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10.1 DNA: The Hereditary Material

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Presentation on theme: "10.1 DNA: The Hereditary Material"— Presentation transcript:

1 KEY CONCEPT DNA was identified as the genetic material through a series of experiments.

2 10.1 DNA: The Hereditary Material
1868 Miescher found material in nucleus half protein and half something else 1890’s learned more about the unknown and named it deoxyribonucleic acid or DNA 1902 Walter Sutton proposed hereditary material is in the chromosomes Chromosome have equal parts of protein and DNA Scientists still had not determined whether DNA or protein was the one that made up genes

3 Griffith finds a ‘transforming principle.’
Griffith experimented with the bacteria that cause pneumonia. He used two forms: the S form (deadly) and the R form (not deadly). A transforming material passed from dead S bacteria to live R bacteria, making them deadly.

4 Genetic Material and Transformation
Frederick Griffith Frederick Griffith, British microbiologist, made a series of unexpected observations while performing an experiment with the disease-causing bacteria pneumococcus and laboratory mice. Griffith's experiment dealt with two strains of the bacteria pneumococcus. One was a virulent strain with a smooth polysaccharide coat necessary for infection and colonies of this strain appear smooth. The other was a non-virulent strain with a rough coat that could not cause infection and colonies of the strain appear rough. Griffith injected one group of mice with the smooth virulent strain and these mice died after a few days. He then injected another group with the rough non-virulent strain and these mice continued to be healthy. Griffith took a heat-killed strain of the virulent bacteria and injected it into mice and observed that they did not die. Griffith's fourth experiment was to inject heat treated, killed, smooth virulent strain mixed with the non virulent rough strain. He injected this mixture and found that after a few days the mice died. The blood of the dead mice showed high levels of virulent pneumococcus. Griffith theorized that some type of transformation takes place from the virulent to the non-virulent strain for it to synthesize a new polysaccharide coat. He did not know if it was DNA or protein that was being transferred.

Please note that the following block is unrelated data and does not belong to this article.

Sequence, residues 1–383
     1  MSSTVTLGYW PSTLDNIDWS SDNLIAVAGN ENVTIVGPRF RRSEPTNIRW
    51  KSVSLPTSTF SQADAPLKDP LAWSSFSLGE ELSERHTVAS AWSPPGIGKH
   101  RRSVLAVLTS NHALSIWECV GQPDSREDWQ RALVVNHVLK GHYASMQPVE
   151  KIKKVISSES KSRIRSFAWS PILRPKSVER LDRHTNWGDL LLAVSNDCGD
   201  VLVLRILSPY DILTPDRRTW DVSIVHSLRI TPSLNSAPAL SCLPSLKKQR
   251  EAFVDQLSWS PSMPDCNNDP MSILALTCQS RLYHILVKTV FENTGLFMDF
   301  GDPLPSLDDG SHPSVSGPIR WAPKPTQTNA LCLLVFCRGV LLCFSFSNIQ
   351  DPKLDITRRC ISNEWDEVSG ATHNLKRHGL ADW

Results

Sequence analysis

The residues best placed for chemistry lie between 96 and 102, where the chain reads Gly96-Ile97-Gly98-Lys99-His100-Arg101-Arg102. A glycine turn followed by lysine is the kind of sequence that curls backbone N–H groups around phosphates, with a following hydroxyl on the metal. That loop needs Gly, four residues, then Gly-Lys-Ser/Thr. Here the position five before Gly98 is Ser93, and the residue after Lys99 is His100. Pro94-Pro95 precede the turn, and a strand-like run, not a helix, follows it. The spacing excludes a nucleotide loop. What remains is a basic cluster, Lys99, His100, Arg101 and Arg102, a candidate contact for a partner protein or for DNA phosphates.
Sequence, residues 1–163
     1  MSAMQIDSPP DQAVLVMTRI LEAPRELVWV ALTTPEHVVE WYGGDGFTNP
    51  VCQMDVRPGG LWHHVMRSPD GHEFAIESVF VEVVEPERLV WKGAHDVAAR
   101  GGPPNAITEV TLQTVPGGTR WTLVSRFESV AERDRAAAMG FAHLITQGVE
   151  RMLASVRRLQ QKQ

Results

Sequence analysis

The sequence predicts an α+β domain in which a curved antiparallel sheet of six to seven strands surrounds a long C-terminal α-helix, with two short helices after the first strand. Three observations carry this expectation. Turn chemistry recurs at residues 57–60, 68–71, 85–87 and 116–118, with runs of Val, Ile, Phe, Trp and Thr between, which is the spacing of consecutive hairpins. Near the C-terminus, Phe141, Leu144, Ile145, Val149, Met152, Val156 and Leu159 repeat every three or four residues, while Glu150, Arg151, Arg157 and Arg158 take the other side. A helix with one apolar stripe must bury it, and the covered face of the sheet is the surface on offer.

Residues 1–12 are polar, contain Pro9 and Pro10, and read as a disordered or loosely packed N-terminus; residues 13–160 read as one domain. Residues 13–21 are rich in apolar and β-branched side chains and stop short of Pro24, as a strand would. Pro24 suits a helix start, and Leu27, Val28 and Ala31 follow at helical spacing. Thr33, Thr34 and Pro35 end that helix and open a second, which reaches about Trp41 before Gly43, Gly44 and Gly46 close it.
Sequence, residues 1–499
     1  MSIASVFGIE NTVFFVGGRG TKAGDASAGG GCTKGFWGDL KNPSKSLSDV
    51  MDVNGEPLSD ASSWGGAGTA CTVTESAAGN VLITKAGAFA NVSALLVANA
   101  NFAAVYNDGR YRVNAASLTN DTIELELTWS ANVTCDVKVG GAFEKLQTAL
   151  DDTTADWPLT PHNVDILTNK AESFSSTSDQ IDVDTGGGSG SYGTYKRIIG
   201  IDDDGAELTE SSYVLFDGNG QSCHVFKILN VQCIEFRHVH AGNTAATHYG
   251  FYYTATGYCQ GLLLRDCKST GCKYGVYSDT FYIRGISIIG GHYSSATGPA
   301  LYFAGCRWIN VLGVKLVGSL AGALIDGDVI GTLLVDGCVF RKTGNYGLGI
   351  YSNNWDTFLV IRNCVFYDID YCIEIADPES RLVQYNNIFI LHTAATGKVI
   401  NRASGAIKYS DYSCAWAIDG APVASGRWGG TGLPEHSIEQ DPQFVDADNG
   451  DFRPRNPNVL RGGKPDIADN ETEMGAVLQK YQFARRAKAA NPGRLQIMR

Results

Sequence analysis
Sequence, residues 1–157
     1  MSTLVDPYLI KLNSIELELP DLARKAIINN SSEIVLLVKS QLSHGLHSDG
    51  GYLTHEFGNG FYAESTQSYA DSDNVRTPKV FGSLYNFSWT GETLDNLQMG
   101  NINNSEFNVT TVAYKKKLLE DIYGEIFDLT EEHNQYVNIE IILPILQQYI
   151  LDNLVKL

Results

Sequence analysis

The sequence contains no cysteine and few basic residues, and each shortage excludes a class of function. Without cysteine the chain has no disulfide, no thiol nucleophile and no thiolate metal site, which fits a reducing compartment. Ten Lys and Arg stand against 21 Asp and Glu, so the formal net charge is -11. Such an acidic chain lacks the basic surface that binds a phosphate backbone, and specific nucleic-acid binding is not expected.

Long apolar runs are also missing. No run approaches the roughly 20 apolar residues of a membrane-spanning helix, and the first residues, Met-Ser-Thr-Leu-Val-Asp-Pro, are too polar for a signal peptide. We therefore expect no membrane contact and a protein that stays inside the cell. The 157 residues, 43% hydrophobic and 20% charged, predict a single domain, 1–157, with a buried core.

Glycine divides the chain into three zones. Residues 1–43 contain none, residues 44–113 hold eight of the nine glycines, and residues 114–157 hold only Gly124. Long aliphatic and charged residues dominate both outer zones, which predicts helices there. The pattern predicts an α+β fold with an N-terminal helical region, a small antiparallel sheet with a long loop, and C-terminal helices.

5 Avery identified DNA as the transforming principle.
Avery isolated and purified Griffith’s transforming principle. Avery performed three tests on the transforming principle. Qualitative tests showed DNA was present. Chemical tests showed the chemical makeup matched that of DNA. Enzyme tests showed only DNA-degrading enzymes stopped transformation.

6 Transformation- the process during which bacteria are changed by absorbing genetic material from an outside source Oswald Avery, Canadian physician and bacteriologist, found that the agent responsible for genetic transferring is the nucleic acid DNA and not protein as most biochemists theorized at the time. In 1944 Avery and his coworkers, McCarty and MacLeod, discovered the "transforming principle.“ The Experiment First they treated the bacteria with centrafugation, which eliminates large cellular pieces. The result: bacteria still transformed Added protease, which removes all proteins The result: bacteria still transformed Treated the bacteria with deoxyribonuclease, which eliminates all DNA The result: no transformation in the bacteria Conclusion: the trio concluded that DNA is the cause of transformation, where in this experiment virulence is inherited. There was not enough evidence to convince everyone

7 Hershey and Chase confirm that DNA is the genetic material.
Hershey and Chase studied viruses that infect bacteria, or bacteriophages. They tagged viral DNA with radioactive phosphorus. They tagged viral proteins with radioactive sulfur. Tagged DNA was found inside the bacteria; tagged proteins were not.

8 DNA and Bacterial Viruses
1952: Geneticists Alfred Hershey and Martha Chase publish the findings of their so-called blender experiments, which conclude that DNA is where life's hereditary data is found. Prior to these experiments, so named because they were conducted using a regular kitchen blender, it was generally believed that proteins -- not DNA -- were the genetic stuff of life. Using the blender, Hershey and Chase separated the protein coating from the nuclei of bacteriophages, the viruses that infect bacteria. Injecting nucleic acid into the bacterial cell, they found that it was the acid itself, and not the protein, that caused the transmission of genetic information. Their conclusion was that genes are made of the nucleic acid DNA. Hershey would subsequently share the 1969 Nobel Prize in Physiology or Medicine for his work in discovering the properties of DNA. But Chase, who served as Hershey's lab assistant during his experiments and whose name appears on the paper, was snubbed


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